New truck for Hometown fire police celebrated on Saturday
DONALD R. SERFASS/TIMES NEWS Tamaqua residents Bill Arner, left, Hometown fire police first lieutenant; and Merle Wertman, captain, unveil the new Ford F350 4x4 Hometown fire police response vehicle on Saturday morning.
A brand new, fully equipped fire police truck was celebrated in Hometown on Saturday.
The vehicle, a 2013 Ford F350 4X4, was purchased through Kovatch Ford, Inc., Nesquehoning and replaces a 1992 Ford F250 ambulance now owned by West Penn Township fire police.
According to Merle Wertman, Tamaqua, captain of Hometown fire police, the new truck is identified as #2570 and was placed into service in August.
Fire police are counting on the new truck to provide maximum safety while saving on the potential cost of repairs.
Wertman, an 18-year veteran of fire police service, said Hometown fire police work hard year-round to provide services and the advantage of a new emergency vehicle will give their efforts a boost. The Hometown contingent is routinely called on to assist in Tamaqua Borough and many other municipalities in Schuylkill and Carbon counties and beyond.
In fact, Hometown fire police have earned a reputation for reliability, whether for traffic control at a vehicle accident, fire, search and rescue, environmental emergency, football game traffic control or any number of situations that can put public health and safety at risk.
Hometown fire police consists of volunteers who do not charge for their services, even when assisting out of the area.
But, as with all other emergency services and first responders, Hometown fire police need new members.
"If people want to help out their community, we'd welcome them with open arms," said Wertman.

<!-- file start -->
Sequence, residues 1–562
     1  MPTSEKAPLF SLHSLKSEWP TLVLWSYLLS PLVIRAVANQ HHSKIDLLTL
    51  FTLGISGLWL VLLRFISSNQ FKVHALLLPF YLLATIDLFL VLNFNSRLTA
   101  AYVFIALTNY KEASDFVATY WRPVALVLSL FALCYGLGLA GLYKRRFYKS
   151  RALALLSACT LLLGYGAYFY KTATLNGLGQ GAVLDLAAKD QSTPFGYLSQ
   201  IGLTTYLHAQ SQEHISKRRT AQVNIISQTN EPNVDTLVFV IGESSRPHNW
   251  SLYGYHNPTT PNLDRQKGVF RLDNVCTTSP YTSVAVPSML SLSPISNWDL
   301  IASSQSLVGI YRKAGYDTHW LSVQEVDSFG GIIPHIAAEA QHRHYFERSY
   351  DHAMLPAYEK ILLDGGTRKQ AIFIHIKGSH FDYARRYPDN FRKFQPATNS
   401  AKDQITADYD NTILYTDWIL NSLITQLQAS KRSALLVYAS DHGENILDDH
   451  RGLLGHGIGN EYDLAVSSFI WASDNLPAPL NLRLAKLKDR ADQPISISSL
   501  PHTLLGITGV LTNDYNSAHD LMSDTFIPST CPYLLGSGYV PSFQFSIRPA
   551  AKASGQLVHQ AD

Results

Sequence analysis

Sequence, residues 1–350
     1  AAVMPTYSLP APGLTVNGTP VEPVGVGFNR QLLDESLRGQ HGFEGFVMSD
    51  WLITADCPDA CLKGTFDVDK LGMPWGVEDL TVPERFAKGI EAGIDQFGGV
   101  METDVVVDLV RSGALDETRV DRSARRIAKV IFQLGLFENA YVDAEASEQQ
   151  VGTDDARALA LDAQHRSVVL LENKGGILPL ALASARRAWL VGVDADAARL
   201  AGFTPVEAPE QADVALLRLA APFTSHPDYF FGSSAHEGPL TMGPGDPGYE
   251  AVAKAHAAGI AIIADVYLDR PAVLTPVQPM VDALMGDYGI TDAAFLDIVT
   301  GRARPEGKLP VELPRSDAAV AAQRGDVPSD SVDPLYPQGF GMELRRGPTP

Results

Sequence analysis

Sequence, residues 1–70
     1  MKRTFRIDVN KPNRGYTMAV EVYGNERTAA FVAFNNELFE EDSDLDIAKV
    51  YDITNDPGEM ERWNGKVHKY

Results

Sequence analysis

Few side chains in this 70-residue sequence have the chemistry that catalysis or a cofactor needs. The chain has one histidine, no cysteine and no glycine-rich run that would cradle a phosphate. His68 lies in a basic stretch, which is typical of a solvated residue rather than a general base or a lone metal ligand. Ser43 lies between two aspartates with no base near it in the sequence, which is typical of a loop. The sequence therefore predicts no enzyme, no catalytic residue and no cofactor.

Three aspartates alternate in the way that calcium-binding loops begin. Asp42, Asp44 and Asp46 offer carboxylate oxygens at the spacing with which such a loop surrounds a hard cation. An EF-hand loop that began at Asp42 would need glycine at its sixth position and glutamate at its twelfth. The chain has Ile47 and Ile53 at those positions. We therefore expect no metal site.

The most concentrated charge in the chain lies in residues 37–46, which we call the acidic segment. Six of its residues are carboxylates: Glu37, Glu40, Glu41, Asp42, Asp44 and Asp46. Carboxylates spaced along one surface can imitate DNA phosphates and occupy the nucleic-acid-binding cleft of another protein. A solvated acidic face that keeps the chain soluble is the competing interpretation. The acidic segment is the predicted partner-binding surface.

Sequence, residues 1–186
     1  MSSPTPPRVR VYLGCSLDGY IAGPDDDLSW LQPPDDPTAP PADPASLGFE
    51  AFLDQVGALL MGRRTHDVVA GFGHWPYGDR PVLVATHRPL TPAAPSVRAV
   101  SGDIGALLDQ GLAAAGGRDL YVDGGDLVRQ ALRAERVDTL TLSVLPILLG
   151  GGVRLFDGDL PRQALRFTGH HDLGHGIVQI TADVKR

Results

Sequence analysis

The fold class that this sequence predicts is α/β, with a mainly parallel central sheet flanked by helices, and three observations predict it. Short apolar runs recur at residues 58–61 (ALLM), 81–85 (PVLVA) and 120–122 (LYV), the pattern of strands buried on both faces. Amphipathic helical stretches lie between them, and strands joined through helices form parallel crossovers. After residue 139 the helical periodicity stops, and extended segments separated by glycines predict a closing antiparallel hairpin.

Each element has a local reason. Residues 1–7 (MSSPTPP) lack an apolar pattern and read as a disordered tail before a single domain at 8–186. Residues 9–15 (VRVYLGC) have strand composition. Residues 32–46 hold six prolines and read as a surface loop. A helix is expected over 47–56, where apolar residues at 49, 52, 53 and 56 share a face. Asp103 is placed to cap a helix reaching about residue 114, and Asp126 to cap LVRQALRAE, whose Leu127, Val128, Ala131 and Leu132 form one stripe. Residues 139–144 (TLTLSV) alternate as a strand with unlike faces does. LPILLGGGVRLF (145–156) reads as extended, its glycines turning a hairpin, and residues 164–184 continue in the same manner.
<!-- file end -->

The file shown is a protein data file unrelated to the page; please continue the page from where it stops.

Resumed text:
Jeaninne Motroni, Hometown, the only female member of the group, said opportunities abound for those interested in helping. Present fire police staffers would gladly provide orientation for those who'd like to lend a hand. Motroni said it doesn't necessarily take a tremendous amount of stamina or physical condition to make a solid contribution.
"If they can walk around the block, they can do fire police work," said Motroni, who adds that one of the greatest rewards of the job is to know you've helped your fellow man. This can mean simply "being at an accident scene and making people feel good," she explained. "If you get enjoyment in helping people, this is where you should be."
Motroni emphasized that people need not be afraid of the task. Fire police would never ask a member to do something they couldn't handle.
"You don't need to go up on a roof or go to an accident scene and be afraid of what you'll see," Motroni noted. Fire police work together as a close-knit group. Volunteers are not expected to engage in unpleasant circumstances that would cause emotional distress.
"We don't want to put someone in a situation they're not comfortable with because that wouldn't work out," said Motroni.
But help is needed in many different types of circumstances, such as with a medical call when someone falls in their home and needs help standing up.
"Even carrying a bottle of water to a firefighter coming out of a building is providing an important service," Motroni explained. Members of Hometown fire police would welcome any local residents who might want to learn more about the role and meet new friends.
You don't even need to live in Hometown or Schuylkill County.
Anyone interested in inquiring about fire police, or even if just to offer thanks to those who perform these tasks, is welcome to stop by and say hello at Hometown Fire Company on Tuesdays at 6 p.m.